Kosovo justice system needs more money and staff


The head of parliament's budget and finance commission said funding should not be used as pretext for judiciary's inefficiency.

By Linda Karadaku for Southeast European Times in Pristina -- 14/11/12


Officials in Kosovo's justice system say they need more funding and staff to improve efficiency. [AFP]

Kosovo's justice system is often criticised for its poor functioning, but judges, prosecutors and researchers say the system's ills are caused by lack of proper finances and staffing.

Budget limitations imposed upon the judiciary by the finance ministry last year totaled 791,000 euros, which required cutting 210 administrative positions and made courts less equipped to deal with cases.

Kosovo has 105 municipal, district and state prosecutors, and another nine in its special prosecutor's office. An ongoing interview process is expected to fill 29 vacant prosecuting positions, and 20 vacancies are still to be filled with candidates coming from minority communities.

"This number is not enough," Ismet Kabashi, Kosovo's chief state prosecutor, told SETimes. "We lack especially professional collaborators or legal assistants who cannot be secured due to the salaries which are not attractive to them."

The Kosovo Judicial Council said 1,929 positions were approved based on the 2012 budget. The total includes 399 judges and 1,530 administrative staff. Kosovo's justice system had a budget of nearly 19 million euros in 2012. In 2013, that figure is expected to be around 20 million euros.

"These positions are not enough for the functioning of the justice system because we need 210 additional positions mainly for the administration in all the courts in Kosovo," Aishe Qorraj, a spokesperson for the Kosovo Judicial Council, told SETimes.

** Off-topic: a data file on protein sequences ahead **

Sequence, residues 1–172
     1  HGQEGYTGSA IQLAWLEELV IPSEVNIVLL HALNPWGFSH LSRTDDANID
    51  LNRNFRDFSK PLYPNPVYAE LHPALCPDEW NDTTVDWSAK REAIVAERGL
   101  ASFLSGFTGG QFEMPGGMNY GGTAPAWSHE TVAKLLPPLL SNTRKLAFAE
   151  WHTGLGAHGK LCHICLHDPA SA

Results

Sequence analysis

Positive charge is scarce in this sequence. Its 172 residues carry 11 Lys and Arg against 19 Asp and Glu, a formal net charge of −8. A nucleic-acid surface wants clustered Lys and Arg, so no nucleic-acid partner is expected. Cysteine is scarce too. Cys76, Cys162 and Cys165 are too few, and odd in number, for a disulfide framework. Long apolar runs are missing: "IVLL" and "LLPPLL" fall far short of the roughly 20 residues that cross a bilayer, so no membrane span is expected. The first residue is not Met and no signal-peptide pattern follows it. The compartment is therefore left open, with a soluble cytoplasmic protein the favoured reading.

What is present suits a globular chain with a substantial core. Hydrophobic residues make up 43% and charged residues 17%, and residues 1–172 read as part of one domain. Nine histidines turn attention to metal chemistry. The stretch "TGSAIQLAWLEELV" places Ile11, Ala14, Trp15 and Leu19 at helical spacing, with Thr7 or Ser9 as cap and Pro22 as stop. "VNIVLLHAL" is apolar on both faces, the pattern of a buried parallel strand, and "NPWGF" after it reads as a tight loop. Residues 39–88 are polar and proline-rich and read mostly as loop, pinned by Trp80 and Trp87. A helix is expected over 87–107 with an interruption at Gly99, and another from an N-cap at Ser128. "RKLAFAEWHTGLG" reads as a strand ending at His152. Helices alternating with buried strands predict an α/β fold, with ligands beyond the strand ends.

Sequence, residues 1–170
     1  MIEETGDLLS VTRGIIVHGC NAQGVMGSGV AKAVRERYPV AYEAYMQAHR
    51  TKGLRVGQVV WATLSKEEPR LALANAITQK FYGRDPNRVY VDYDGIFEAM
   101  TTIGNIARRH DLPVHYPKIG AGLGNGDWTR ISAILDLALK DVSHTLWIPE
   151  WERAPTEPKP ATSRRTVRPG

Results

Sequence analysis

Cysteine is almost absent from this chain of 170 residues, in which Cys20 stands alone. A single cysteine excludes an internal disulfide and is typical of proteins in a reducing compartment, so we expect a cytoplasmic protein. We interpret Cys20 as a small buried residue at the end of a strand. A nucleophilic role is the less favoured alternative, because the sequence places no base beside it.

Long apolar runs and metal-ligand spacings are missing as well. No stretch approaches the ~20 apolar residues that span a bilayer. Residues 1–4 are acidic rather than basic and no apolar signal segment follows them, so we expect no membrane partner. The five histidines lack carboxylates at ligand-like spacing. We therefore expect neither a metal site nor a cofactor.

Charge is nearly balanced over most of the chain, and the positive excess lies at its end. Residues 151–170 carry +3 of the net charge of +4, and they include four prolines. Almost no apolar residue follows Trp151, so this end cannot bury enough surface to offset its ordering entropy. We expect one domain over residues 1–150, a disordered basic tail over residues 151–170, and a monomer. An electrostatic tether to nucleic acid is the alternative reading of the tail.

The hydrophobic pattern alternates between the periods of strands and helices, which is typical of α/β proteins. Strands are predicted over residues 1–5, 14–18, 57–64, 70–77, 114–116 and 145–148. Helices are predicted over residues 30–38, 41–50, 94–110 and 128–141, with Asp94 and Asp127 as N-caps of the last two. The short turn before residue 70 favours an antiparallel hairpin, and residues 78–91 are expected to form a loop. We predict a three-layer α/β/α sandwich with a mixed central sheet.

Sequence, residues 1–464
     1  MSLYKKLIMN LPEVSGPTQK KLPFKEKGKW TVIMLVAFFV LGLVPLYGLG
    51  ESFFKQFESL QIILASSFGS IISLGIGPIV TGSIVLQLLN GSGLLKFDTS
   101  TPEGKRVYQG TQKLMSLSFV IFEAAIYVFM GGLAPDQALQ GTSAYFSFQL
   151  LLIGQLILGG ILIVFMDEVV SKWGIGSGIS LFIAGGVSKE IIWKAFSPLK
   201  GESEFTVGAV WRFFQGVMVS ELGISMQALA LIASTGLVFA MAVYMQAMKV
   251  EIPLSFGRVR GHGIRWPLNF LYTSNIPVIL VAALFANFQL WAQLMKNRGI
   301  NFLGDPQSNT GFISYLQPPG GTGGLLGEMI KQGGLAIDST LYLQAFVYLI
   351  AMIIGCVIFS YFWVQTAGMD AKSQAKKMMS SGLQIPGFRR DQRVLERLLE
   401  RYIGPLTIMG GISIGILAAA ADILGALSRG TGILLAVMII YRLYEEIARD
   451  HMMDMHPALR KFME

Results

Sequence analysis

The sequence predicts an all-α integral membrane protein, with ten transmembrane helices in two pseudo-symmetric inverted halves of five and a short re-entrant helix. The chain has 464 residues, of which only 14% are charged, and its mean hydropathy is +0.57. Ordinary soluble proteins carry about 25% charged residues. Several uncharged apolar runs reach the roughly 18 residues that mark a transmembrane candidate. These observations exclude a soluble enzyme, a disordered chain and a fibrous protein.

Kosovo Law Institute, a legal reform NGO, released a report this month that noted government intervention in the sector. Most notably was a 344,000 euro reduction in capital projects.

In addition, the judiciary was forced to cut 447,000 euros from its goods and services and utility expenditure. The government reductions lowered the financial resources for capital investments by about 15.7 percent, while the expenditure for goods and services and utility was reduced by about 9.5 percent.

Menderes Ibra, an adviser to Minister of Finance Bedri Hamza, said the justice system's budget is of "special importance."

"The requests coming from this sector are fulfilled at a much higher level than the others," Ibra told SETimes. "This can be also noted at the substantial improvement of the salaries in the justice system, but also in the other budget categories."

Safete Hadergjonaj, the head of the parliamentary commission for budget and finance, told SETimes that no institution had all of its budget requests fulfilled, adding that any reasonable requests by the judiciary were included in the budget.

Kabashi said prosecutors' salaries have been improved and equalised with the salaries of the lawmakers and the executive power. A 2010 law increased judges' average salaries from 500 euros per month to 1,000 euros per month.

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But, according to Kosovo Law Institute, "The budgetary support of 16 to 18 million euros per year, of which 89 percent is operational expenses, does not represent support development of the judiciary, rather only ensures its survival."

Hadergjonaj agreed that "more funds are needed for the justice system," especially for human resources and to improve working conditions. But he added that, "I don't think the funds can be a pretext for lack of efficiency in the work of the justice system or for the tendencies for corruptive acts."

Ibra said critics should analyse the administrative capacities of the justice system, "especially on the planning and adequate management of the budget within this system."

"The financing of a sector does not necessarily mean only the quantitative financial aspect, but above all, the planning in time and the efficient use of the funds," Ibra told SETimes.

This content was commissioned for SETimes.com.
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